The peloton on the streets of Martinborough in Friday’s third stage. PHOTO/JADE CVETKOV
Cycle Classic rated a success
Race director Jorge Sandoval deserves all the plaudits for a successful New Zealand Cycle Classic, despite difficulties getting the event off the ground because of the covid-19 pandemic.
The five-day tour was limited to New Zealand-based riders with the border closure preventing international teams entering the country. That had its benefits though with World Tour riders George Bennett [the 2011 Cycle Classic winner] and Shane Archbold competing, along with Scotsman Mark Stewart, who has been based in New Zealand since the first lockdown.
Stewart, riding for Bolton Equities Black Spoke Pro Cycling, went on to win the race after claiming the yellow jersey on Thursday’s second stage and never relinquishing it.
“I’m very happy the way everything went,” said Sandoval.
“The safety of the riders is the most important thing for us, we had a magnificent traffic management plan, we had a magnificent media manager and people helping me, so everything went really, really well.
“I’ve got a lot of documents in my office from different agencies on what we had to do in order to get this event off the ground, and to meet all that was required.
“I agreed with all of the conditions and some of them were very severe, and I managed to get the event off the ground when so many events in New Zealand and around the world have been cancelled, so I’m very pleased in that respect.”
Despite the lack of international riders Sandoval was rapt with the quality of racing, and the impact of having the calibre of Bennett and Archbold race against the up-and-coming New Zealand riders, many who were in their early teenage years when Bennett first raced in the Tour de France.
“George Bennett wants to come back next year, and I talked to a lot of the young guys, and they said it was a privilege to be racing alongside him.
“These young guys really enjoy it, and they know they’re not going to win the tour but they’re having a good go every day and they carry on and finish the stage and get ready for the next day and that’s a hard thing to do.
George to be fair was very good with those boys, talking to them after the race and congratulating them and giving them encouragement, so it was good.”
Bennett was also impressed with what he saw from the younger riders, but said it was important not to go easy on them and point out when they do something wrong.
“You’ll see guys like Shane and me get stuck into these kids because it was the best thing that happened to us, and we got taught how to race that way and it really helped me as a young guy to race the pros,” said Bennett.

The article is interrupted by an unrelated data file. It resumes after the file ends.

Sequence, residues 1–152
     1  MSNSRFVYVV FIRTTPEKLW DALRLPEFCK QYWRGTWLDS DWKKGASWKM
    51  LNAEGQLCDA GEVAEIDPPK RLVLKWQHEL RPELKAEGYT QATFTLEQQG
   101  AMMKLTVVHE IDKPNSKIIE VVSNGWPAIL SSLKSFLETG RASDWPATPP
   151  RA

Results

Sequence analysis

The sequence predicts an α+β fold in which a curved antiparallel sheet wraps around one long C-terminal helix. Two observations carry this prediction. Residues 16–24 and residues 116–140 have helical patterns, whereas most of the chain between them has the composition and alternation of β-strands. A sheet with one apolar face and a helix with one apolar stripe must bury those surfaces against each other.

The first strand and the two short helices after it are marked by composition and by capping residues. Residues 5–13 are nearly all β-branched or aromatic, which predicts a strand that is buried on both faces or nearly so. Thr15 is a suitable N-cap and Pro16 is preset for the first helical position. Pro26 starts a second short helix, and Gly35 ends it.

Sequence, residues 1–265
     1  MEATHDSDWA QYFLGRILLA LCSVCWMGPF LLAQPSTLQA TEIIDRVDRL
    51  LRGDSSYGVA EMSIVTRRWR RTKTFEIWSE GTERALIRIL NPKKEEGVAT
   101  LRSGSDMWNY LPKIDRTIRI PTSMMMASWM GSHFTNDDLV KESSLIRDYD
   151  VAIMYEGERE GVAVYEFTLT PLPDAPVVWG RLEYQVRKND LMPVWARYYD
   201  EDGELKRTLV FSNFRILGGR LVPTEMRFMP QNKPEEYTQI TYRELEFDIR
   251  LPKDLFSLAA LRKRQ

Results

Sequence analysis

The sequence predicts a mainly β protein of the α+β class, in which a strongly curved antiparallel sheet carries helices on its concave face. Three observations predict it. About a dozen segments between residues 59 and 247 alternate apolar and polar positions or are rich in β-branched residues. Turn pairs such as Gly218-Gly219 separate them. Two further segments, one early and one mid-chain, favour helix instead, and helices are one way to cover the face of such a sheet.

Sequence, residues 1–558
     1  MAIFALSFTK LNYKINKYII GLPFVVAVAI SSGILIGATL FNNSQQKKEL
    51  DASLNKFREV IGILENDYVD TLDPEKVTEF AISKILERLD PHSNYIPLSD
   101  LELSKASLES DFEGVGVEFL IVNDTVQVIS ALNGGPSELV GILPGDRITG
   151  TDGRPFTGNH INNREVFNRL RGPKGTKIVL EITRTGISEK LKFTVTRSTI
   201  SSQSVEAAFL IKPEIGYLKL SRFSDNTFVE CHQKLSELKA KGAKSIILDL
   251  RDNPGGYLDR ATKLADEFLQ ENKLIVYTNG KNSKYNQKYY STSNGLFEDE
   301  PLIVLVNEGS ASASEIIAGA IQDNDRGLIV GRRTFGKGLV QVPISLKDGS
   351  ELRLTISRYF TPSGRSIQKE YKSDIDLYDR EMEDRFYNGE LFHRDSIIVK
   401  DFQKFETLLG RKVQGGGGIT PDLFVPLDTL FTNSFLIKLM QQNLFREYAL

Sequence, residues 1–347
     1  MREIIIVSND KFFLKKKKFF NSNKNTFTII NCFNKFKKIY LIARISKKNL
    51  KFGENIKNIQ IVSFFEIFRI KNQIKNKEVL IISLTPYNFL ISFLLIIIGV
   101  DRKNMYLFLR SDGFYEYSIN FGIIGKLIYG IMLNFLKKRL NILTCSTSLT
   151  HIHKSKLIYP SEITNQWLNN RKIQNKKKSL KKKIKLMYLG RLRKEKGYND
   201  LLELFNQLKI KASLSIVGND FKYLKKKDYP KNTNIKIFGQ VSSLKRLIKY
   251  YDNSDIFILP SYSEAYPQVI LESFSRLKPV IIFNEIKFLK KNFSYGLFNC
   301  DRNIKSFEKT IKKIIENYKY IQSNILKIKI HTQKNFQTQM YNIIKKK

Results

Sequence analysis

“It’s the responsibility of all Kiwi pros when they are home to try and support these races and try and get these young guys out racing, and the level is really high, and I’m really impressed with what I’ve seen this week and there’s a good future for New Zealand cycling.”
Bennett, who finished fourth, 56 seconds behind Stewart, was using the race as the start of his build-up for a taxing European season ahead and felt he achieved everything from the five days that he wanted to.
“It was perfect. At the start of the week, I was hanging on for dear life and just got stronger every day. Obviously, I’ve got a huge amount of work to go before I’m ready to race against the best guys in the world but I’m really happy with what I got out of the week and actually where I’m at for January.”
Sandoval was full of praise for tour winner Stewart, the 2018 Commonwealth Games points race gold medallist, who he said was all class on and off the road.
“In all my 35 years I have never had a rider so educated, so eloquent, and the respect he showed for the riders and the event was amazing,” he said.
“Mark did what I expect from every bike rider to be determined and try really hard and that’s what Mark did.
He had to work hard, and the other riders made it really hard for him and he was the best rider on the tour, and he was so determined to win, and it was his day, and he really deserved it.”
Sandoval is looking forward to the borders opening to attract international teams next year, but he cautioned that the tour, New Zealand’s only UCI 2.2 event, has to be financially viable.
“We have to get the support from a lot of people, and a lot of companies to make sure the event does reflect what we want to do, so we might be able to have all the riders we want but if we don’t have the financial support, we can’t do it.”
“To me it was a really, really good event for Wairarapa. We feature on websites around the world with pictures and reports every day, and our videos every night get to thousands around the world.
“The tour winner [Stewart] said to me he didn’t realise how much interest this event generates. It has to be one of the top events in Wairarapa.”